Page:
The threat actor’s past activities include attacks on MailChimp, Twilio, DoorDash, and Riot Games.

An October report from Microsoft, which calls them Octo Tempest, says they are one of the most dangerous financial crime groups and are known to use violent threats to achieve their goals.

Octo Tempest Threats Physical Damage to Get Account Logins
source: Microsoft

The researchers’ findings on the group’s variety of attack methods indicate that its members possess knowledge that spans different areas of cybercrime, from social engineering and hacking to SIM swapping, phishing and bypassing connection protections.

Scatter Spider Tactics

The FBI and CISA alert highlights Scattered Spider’s powerful initial access tactics of targeting a company’s employees by posing as IT or support staff and tricking them into providing credentials or even direct network access.

Individual tactics include phone calls, SMS phishing, email phishing, MFA fatigue attacks, and SIM swapping. Domains used for email and SMS phishing misuse the Okta and Zoho ServiceDesk brands combined with the target’s name to make them appear legitimate.

Having gained a foothold on the network, Scattered Spider uses a range of publicly available software tools for reconnaissance and lateral movement, including:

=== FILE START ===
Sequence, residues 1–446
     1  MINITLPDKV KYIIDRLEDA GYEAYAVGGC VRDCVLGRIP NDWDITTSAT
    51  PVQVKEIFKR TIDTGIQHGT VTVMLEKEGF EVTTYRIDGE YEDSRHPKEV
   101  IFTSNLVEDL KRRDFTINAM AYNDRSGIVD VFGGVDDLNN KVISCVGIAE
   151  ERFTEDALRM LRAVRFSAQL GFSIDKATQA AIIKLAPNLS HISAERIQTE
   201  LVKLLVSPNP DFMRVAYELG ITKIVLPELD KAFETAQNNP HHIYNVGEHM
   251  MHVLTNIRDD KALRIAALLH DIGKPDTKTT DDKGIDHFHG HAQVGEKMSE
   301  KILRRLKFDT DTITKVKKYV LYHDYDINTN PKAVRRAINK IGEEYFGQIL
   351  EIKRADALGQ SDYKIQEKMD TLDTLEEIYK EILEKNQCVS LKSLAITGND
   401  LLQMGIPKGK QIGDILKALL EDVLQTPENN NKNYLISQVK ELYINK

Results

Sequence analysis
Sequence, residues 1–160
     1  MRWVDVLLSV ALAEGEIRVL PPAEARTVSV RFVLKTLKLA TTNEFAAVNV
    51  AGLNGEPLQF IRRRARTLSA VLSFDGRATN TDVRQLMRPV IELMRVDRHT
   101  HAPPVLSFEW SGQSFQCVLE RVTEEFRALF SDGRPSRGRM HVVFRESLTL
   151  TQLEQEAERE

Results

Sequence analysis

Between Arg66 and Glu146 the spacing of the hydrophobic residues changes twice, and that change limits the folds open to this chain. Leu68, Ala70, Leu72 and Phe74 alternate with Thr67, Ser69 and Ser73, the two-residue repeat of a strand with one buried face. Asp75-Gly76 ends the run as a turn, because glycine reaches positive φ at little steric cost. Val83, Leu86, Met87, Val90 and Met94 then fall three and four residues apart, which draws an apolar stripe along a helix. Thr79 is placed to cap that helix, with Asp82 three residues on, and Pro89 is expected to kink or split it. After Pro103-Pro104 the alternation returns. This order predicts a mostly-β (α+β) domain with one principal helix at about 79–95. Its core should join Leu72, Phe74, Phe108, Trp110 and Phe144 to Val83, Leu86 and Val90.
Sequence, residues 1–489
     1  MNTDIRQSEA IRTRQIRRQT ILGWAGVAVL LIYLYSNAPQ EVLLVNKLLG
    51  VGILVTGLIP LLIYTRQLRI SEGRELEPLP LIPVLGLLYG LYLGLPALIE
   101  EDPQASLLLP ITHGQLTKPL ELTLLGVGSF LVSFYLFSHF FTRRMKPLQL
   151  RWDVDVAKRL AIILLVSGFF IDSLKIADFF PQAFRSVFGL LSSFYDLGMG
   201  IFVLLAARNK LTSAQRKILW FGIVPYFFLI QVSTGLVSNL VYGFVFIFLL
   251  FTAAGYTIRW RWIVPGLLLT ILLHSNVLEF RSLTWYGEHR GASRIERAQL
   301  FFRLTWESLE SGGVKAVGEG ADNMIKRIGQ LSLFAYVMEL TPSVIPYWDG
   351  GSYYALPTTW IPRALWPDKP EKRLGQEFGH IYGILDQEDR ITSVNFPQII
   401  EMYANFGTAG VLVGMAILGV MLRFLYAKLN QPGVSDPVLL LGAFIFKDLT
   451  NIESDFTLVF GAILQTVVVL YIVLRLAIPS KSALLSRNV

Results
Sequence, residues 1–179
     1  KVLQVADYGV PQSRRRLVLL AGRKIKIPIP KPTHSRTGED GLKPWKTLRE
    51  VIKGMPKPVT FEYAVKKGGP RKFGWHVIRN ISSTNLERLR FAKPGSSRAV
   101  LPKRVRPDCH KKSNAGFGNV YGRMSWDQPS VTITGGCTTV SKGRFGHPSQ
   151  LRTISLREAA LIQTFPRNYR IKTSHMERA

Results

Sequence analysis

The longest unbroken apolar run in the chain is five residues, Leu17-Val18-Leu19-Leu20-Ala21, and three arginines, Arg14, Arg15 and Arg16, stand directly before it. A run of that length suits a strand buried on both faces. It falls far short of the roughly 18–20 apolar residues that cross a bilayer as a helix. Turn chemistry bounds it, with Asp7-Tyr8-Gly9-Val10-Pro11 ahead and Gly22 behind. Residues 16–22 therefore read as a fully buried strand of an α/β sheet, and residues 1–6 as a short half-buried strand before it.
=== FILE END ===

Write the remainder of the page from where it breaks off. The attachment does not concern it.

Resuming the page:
• Fleetdeck.io: Remote system monitoring and management
  • Level.io: Remote system monitoring and management
  • Mimikatz: Extracting credentials
  • Ngrok: Remote web server access via Internet tunneling
  • Pulsed channel: Remote system monitoring and management
  • Connection to the screen: Managing remote connections of network devices
  • Splashtop: Managing remote connections of network devices
  • Tactical.RMM: Remote system monitoring and management
  • Rear ladder: VPN for secure network communications
  • Team Viewer: Managing remote connections of network devices

Apart from the above legitimate tools used for malicious purposes, Scattered Spider also conducts phishing attacks to install malware such as WarZone RAT, Raccoon Stealer and Vidar Stealer, in order to steal login credentials, cookies and other data useful in the attack on compromised systems.

A new tactic seen in the malware group’s recent attacks is data exfiltration and file encryption using ALPHV/BlackCat ransomware, followed by communication with victims via a messaging app, email or other secure tools to negotiate ransom payment.